Thermal IR (infrared) cameras are obviously exciting gadgets for lots of uses, including looking for heat loss in buildings, studying heat transfer, or even just seeing how hot your cup of tea is. But, with all the worries these days around coronavirus and COVID, they have obvious uses in screening yourself, your family and others for fever. The problem is that they can be expensive, so why not do it on the cheap using the relatively inexpensive Odroid Go open-source thermal camera project? If so, here’s the sort of data you can expect to get from it: in this case I can be pretty sure I don’t have a fever 🙂
The Odroid Go thermal camera is a simple, yet very useful, IR (infrared) thermal camera project for the inexpensive Odroid Go handheld ESP32 system. It allows saving of data to an SD card as well as having a Bluetooth interface to wirelessly get data off the camera to a computer, tablet or mobile phone. It’s based on the MLX90640 32×24 pixel infrared thermal array modules that you can get relatively inexpensively many places online. Here’s a short list of some of it’s features:
- Onscreen display of the IR image, with a movable cursor to let you query the temperature for any single pixel (press up, down, left and right on the + control to move the cursor).
- A range of colour maps, which are easily added to in the Arduino code.
- A zoom button so you can switch the IR image to/from full-screen mode.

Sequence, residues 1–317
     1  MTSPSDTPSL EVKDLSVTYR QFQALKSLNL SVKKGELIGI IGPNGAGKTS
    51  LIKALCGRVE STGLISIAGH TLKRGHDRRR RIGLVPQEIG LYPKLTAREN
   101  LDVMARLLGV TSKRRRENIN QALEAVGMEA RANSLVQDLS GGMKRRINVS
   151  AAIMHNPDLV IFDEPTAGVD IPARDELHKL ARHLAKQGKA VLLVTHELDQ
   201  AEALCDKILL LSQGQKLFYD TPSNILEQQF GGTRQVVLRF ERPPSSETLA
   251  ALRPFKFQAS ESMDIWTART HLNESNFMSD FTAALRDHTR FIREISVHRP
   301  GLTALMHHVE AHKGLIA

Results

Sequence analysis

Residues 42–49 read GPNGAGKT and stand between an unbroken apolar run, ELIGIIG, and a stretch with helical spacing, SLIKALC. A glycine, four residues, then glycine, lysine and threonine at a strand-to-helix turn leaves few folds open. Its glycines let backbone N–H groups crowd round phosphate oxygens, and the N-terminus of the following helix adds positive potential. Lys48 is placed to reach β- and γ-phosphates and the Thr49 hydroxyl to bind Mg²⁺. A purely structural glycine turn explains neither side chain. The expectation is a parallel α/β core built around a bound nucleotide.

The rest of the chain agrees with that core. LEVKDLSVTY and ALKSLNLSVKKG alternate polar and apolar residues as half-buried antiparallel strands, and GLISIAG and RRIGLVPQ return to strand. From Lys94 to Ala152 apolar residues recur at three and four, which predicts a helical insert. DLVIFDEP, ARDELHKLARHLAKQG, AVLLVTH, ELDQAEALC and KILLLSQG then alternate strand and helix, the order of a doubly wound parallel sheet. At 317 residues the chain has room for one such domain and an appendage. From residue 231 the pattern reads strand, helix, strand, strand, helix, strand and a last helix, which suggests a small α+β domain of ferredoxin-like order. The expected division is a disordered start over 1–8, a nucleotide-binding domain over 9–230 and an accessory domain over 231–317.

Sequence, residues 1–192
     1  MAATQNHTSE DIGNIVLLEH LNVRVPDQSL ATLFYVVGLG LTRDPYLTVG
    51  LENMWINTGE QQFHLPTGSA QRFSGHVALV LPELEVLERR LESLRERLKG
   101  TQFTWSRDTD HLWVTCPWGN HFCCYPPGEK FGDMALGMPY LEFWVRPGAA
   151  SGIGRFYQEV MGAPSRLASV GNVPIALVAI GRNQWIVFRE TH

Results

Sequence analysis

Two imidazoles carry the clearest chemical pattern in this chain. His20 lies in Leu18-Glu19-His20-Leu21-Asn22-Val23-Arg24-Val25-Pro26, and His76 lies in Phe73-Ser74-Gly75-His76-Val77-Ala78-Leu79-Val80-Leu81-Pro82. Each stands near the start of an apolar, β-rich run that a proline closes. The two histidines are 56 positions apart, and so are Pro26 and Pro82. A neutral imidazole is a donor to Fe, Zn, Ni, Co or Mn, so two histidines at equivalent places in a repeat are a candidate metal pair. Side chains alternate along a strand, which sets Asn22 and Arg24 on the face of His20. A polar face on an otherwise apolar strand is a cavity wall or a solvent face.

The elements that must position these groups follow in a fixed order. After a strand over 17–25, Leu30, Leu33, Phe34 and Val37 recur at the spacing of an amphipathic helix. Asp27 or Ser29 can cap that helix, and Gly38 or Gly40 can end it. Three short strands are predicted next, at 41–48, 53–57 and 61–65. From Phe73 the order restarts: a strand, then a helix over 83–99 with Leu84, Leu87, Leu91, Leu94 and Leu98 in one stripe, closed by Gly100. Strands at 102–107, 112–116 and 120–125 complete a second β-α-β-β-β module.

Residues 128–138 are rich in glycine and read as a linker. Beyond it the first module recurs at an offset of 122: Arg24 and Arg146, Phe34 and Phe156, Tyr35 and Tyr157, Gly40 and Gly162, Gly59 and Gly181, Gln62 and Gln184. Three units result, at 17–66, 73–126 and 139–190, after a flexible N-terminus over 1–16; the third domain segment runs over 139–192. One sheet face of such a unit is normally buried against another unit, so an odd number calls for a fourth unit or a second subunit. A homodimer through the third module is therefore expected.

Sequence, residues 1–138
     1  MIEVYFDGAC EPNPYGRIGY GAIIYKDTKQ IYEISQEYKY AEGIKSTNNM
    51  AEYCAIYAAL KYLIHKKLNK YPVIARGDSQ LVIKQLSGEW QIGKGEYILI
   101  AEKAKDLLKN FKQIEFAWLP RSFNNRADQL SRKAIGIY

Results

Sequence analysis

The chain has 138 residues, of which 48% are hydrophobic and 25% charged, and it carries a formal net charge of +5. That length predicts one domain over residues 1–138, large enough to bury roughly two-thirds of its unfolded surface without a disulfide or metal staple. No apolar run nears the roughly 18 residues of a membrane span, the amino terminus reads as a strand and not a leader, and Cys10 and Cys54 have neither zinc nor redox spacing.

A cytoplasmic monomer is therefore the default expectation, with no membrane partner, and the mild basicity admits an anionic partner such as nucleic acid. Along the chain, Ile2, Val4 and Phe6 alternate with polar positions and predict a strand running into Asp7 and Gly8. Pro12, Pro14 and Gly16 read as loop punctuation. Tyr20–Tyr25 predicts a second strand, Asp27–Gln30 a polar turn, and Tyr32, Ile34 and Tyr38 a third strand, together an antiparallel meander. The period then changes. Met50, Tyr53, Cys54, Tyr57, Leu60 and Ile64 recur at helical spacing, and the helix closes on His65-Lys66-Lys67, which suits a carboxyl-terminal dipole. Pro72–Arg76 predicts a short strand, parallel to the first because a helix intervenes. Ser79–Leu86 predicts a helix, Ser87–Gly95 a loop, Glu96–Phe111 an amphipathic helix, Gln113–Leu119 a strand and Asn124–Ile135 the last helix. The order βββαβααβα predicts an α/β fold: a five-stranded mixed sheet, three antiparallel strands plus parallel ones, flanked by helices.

- Saving of data to the SD card on your ODroid GO in text CSV format for later analysis.
- A fever screening colour map, which shows temperatures above 36C in red to indicate when checking for a fever may be necessary (not for medical diagnosis).
- In fever checking mode IR images with temperatures above 36C are indicated by an audible beep, to help with rapid screening of your family and friends.
- An on-screen battery indicator, so you know when to recharge your GO.
- A Bluetooth interface that lets you take full control of the IR camera, including transferring the IR data to a PC as ASCII text or binary data.
- 3D printing STL files to make a forward-facing or rear-facing case to protect your thermal IR module.
It’s also quite simple to construct the camera, with very little soldering. All you need is four pieces of wire, the IR camera module, a small piece of Veroboard (a.k.a. stripboard), plus 10 0.1″ header pins in a strip, and the circuit is done! There’s two different 3D printed case versions in the project that make it easy to protect your IR module: for example below is the IR module fitted into the rear-facing case version (the inside of the photo above).
If you feel like having a go at building your own Odroid Go thermal IR camera, whether for virus screening, energy management or other uses just click on the link below to visit the Github page. You’ll find lots of information there including the code and 3D printed case project files 🙂